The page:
An article that was recently published in the Denver Post regards the recent outlawing of synthetic marijuana, or more commonly known as “Spice”. I compared two different sources for this topic; both the Denver Post and “Legal High Reviews”, which are contrasting point of views on the matter. Both of these articles are very informative on the issue and its recent illegalization, but come from very different POVs. The Denver Post is speaking from an un-biased stance, writing about the DEA and its new policy. The Legal High Reviews website is a site created to educate people on legal highs, and happened to be one of the first dated sources and began to discuss the ban. This site’s intended audience is directed at the marijuana user. The name of the article is “Why Spice Smoking Blend is Banned”. What I found most interesting was that I learned quite a bit in both articles. Jessica Fender, the writer for the Denver Post who wrote this article, talks about the DEA and how it listed chemical compounds under ‘Schedule 1’, the most restrictive classification. It is said that the agency and the U.S. Health and Human Services Department continue to look at whether Spice should be permanently banned. On the Legal High website, the writer, who goes simply by Ryan, writes as a user speaking to other users, as he compares spice to cannabis and talks about the similarities in the feelings after smoking. He shares that: “Today, Spice is considered a medicinal product and it is illegal to import, sell or market. New Zealand, Austria, Germany, and France have made Spice illegal for a long time and the United States has been regulating it. Now the product is completely banned.” While this source is clearly biased, it seems to provide just as factual of information as the article in the Denver Post.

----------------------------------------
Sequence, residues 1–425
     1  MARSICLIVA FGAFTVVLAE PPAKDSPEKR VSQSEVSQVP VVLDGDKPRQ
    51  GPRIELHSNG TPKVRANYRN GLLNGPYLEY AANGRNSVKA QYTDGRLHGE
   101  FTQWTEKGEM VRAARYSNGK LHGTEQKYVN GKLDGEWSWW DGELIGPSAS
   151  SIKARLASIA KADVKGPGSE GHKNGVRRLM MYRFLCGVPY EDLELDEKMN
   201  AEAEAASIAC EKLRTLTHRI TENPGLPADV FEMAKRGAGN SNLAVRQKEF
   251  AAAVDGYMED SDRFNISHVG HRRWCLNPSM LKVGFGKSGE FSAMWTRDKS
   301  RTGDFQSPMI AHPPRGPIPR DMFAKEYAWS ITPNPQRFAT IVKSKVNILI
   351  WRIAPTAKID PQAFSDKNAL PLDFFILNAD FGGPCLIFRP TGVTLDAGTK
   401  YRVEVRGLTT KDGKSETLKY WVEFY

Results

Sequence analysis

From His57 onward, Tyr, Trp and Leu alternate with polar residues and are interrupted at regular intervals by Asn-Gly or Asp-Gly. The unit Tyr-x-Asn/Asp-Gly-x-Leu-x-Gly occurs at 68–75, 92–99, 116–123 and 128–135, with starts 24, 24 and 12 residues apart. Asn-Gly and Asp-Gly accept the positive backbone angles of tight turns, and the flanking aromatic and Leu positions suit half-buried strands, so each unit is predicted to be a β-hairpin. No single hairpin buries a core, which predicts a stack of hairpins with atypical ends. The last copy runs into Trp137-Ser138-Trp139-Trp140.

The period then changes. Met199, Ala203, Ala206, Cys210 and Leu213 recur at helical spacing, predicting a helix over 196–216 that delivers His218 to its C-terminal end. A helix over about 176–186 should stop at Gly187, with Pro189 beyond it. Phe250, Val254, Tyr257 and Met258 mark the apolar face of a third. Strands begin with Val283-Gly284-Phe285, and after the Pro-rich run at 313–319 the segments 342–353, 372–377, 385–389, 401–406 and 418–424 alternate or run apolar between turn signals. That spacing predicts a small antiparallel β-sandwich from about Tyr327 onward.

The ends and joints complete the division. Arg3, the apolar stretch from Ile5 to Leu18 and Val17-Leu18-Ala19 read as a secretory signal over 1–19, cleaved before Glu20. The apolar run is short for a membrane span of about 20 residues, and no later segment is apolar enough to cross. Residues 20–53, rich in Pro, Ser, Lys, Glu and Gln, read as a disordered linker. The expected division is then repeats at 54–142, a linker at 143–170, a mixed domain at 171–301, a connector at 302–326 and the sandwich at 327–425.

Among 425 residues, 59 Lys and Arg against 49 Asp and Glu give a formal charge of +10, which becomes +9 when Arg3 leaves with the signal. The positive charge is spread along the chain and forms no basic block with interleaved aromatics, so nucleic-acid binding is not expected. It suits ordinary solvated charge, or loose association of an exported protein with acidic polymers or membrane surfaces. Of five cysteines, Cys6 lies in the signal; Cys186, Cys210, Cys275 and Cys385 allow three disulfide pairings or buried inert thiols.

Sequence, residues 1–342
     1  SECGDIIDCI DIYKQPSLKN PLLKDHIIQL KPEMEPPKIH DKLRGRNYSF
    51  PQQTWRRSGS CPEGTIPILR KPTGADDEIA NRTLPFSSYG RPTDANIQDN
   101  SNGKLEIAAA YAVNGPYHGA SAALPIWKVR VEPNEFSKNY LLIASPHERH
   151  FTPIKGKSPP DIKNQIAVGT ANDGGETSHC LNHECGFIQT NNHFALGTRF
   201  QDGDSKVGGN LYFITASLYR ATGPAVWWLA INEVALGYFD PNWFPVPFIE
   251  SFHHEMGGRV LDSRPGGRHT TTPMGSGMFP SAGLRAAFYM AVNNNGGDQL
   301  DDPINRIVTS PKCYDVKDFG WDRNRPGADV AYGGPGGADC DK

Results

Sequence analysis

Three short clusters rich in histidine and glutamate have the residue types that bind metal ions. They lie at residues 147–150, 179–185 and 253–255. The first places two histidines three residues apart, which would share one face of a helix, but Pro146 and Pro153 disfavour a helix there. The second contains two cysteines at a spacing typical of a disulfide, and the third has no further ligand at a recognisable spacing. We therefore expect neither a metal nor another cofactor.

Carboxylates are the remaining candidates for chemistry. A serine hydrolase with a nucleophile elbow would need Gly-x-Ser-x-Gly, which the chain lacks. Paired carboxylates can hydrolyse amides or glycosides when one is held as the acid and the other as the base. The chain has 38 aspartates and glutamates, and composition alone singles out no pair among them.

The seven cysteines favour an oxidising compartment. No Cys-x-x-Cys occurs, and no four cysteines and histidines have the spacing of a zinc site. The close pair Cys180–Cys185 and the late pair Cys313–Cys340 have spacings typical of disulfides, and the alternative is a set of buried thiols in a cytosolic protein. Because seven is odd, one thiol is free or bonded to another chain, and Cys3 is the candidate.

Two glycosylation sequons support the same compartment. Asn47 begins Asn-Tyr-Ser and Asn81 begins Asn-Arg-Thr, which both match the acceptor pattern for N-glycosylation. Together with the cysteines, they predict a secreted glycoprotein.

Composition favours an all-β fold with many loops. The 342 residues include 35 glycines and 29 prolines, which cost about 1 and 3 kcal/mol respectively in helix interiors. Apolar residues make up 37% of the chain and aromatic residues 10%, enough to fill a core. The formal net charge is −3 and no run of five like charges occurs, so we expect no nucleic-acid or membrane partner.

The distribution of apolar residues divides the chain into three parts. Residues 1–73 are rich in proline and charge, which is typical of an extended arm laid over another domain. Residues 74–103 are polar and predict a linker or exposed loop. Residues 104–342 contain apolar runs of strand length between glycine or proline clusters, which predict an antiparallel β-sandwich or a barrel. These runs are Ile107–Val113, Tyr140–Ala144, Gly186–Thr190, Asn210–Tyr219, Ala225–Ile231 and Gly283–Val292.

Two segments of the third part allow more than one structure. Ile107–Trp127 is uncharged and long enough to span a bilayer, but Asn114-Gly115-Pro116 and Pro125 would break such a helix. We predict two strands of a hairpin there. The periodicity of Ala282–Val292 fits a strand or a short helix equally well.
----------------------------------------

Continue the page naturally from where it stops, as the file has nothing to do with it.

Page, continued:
As I was surfing on the New York Times website I stumbled upon a story involving press releases that captured my attention because it seemed so outrageous.
On January 28th 2011 Allstate Insurance company released the following statement. ”
Illinois-based Allstate Insurance said its analysis of car accidents related to astrology found Virgos were the most likely to crash vehicles.
The company said its comparison of 2010 claims data against the revised astrological calendar found Virgos were involved in 211,650 collisions last year, 700 percent more than the 26,833 crashes involving Scorpios, the safest drivers on the zodiac calendar.
Allstate said Ophiuchus, the “new” sign added in the revised calendar, was the second-safest sign for motorists, followed by Cancer, Aquarius, Libra, Aries, Capricorn, Gemini, Sagittarius, Pisces, Taurus and Leo.”
This statement was highly criticized for numerous reasons. The primary one being that astrological signs should have nothing to do with insurance. Customers became quite angry, and four days later Allstate issued another press release that apologized for their previous judgements.
This press release captured the attention of not only numerous insurance customers, but that of the New York Times writer Gary Antonick. Following the two press releases issued by Allstate he analyzed what is going on and what information is behind the claims of Allstate. His method for doing this was reaching out to the news consumers and breaking the single stream flow of news. The reader’s interactions were posted that included the best facts and answers. Also, a chart showing the astrological sign, the birthrates, personality traits, and number of accidents in the year 2010 is included at the end of the story.